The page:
At the Musée de l’Orangerie, feminist artist Mickalene Thomas plays with art history

Mickalene Thomas, a female artist who is black and gay, celebrates the beauty, desire and strength of African-American women. His works created especially for the l’Orangerie museum in Paris are a dialogue with the works of Monet.

At the Musée de l’Orangerie, he steps towards the visitor water lilies Monet’s gaze is challenged by three creatures who challenge him: Lunch on the Grass: Three Black Women with Monet by African-American Mickalene Thomas. Adorned with Afro hairstyles, seated amidst a cluster of flowers adorned with colorful prints reminiscent of the 1970s, they win. In this collage, they pose for a scandal Lunch on the grass A naked white woman and two clothed men and figures in front of Monet’s water garden at Giverny took pride of place. ” Collage is a language, a method of composition, that allows you to overlay images from different sources to tell a story. believes in the artist.

The Monet Revival

These very personal interpretations are the fruit of a long collaboration with the artistPrint, rising sun. “ In 2011, I did a three-month residency in Giverny, which left a deep impression on me. I understood how painting is done and most importantly, this sense of rebellion that excites artists. Impressionists were real subversives – added Mikalen Thomas with a smile, his eyes sparkling behind his round glasses. The female, black, and gay artist takes inspiration from the formal rebellion of her predecessors to emphasize beauty, eroticism, and aesthetics, fully embracing her identity. strange black.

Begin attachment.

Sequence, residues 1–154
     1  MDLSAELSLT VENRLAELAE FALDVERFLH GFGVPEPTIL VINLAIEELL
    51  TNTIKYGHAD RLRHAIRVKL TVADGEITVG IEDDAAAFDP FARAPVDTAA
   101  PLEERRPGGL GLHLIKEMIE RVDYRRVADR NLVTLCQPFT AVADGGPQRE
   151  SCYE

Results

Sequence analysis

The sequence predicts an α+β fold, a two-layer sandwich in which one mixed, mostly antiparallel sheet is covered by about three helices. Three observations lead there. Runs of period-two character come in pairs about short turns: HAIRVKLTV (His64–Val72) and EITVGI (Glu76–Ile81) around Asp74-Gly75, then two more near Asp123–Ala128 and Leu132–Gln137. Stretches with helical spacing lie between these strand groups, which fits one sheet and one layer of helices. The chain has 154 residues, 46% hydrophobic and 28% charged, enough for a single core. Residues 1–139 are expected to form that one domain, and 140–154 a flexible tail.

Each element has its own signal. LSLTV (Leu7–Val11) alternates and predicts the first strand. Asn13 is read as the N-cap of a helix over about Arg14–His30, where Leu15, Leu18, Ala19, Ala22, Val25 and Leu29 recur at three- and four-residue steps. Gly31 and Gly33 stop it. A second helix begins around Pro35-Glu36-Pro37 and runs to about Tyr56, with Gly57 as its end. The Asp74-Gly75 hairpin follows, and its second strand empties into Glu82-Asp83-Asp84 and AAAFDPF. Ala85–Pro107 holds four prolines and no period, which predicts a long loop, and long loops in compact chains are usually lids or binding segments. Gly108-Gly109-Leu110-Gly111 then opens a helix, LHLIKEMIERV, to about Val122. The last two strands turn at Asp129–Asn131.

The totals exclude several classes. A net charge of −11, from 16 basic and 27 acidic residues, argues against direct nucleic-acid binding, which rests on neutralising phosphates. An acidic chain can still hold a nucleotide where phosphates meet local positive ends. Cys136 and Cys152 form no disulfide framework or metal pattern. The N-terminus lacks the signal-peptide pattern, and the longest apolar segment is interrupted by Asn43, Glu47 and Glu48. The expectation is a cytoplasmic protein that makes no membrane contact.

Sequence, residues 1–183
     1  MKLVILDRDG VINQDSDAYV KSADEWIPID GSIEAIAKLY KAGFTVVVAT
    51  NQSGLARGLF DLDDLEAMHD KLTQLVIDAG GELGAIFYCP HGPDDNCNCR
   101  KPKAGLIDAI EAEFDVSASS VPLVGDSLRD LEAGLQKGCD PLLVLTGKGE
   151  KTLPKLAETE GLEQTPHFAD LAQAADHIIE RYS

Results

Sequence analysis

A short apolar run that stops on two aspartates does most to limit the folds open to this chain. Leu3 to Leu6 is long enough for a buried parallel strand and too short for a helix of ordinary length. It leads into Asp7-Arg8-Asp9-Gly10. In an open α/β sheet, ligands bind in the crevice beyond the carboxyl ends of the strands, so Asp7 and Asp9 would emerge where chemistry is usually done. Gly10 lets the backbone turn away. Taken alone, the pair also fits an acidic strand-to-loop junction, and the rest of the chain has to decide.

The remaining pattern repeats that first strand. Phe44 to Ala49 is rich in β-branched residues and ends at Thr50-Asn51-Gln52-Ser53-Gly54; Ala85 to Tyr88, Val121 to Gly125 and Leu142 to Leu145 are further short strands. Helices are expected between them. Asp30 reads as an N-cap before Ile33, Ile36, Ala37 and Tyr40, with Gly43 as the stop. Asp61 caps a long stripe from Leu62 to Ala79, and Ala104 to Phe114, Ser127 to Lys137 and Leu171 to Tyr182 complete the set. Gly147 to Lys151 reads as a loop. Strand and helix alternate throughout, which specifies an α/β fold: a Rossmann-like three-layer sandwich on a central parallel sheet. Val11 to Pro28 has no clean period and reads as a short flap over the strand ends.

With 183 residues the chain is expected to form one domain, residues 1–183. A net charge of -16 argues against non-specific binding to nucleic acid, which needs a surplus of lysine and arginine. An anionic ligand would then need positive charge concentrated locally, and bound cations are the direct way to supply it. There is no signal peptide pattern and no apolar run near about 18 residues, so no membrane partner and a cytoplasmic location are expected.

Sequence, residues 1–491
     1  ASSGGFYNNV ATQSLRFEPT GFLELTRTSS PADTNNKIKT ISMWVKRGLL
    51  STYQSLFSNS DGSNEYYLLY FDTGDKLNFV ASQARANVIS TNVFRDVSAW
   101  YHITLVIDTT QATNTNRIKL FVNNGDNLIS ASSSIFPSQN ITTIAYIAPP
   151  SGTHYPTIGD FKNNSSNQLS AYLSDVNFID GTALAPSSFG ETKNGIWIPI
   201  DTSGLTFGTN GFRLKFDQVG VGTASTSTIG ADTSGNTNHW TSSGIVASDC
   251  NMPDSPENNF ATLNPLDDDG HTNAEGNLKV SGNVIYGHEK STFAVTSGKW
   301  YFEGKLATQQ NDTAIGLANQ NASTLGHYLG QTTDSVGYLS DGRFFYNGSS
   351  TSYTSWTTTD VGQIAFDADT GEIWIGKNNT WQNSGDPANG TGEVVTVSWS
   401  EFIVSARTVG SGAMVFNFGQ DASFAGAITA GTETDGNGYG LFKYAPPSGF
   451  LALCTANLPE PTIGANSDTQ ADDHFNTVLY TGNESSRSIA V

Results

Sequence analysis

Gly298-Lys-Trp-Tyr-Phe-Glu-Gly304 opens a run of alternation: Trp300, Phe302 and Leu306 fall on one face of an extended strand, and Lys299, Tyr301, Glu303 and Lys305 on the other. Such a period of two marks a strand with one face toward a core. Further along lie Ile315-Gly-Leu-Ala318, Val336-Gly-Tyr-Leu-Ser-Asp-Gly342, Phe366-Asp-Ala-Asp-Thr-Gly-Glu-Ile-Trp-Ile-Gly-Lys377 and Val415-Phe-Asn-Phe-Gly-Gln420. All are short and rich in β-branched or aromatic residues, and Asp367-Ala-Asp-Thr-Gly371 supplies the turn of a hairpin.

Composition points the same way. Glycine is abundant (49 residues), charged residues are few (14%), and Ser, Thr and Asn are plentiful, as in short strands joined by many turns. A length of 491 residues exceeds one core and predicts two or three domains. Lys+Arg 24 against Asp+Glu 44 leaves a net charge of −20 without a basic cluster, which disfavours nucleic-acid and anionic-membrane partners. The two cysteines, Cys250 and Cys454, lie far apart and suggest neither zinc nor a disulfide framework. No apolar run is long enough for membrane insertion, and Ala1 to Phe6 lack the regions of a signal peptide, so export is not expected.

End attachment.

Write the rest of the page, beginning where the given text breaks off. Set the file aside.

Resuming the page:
“It offers a complex representation of femininity, desire and strength. »
Claire Bernardi, director of the Orangerie museum

So she poses naked, lying inside like an odalisque I like the Muse (2016), an installation of twelve superimposed screens in a garden-like space. this” collage the video mixes her self-portrait with images of women who have shaped ideals of beauty in art history – Leda and the swan butcher, Lying naked by Modigliani The Great Odalisque d’Ingres – and black figures like “ Hottentot Venus and singer Grace Jones.

Mickalene Thomas, Maya #7, 2015 © Mickalene Thomas

The images are accompanied by a soundtrack depicting the sexual violence and discrimination experienced by black American singer and activist Eartha Kitt. ” By revisiting and subverting well-known paintings, Mikalen Thomas offers a complex and meaningful depiction of femininity, desire and power that represents the breadth of her visual language. », says Claire Bernardi, director of the Musée de l’Orangerie.

The artist calls for a better reorientation of Western art history by replacing white characters with black women, especially lesbians. Hence the photo Courbet #3 (to sleep) (2011) poses with two naked black lovers to sleep By Courbet, surrounded by rich fabrics with African motifs. ” The sepia-toned print and period-moulded metal frame suggest multiple convergences: Courbet’s period of painting and the invention of photography, the era of slavery and the type of photographic portrait made possible by ethnographic vision. Kelly Jones, a professor of contemporary art at Columbia University, says so in her recent monograph on the artist.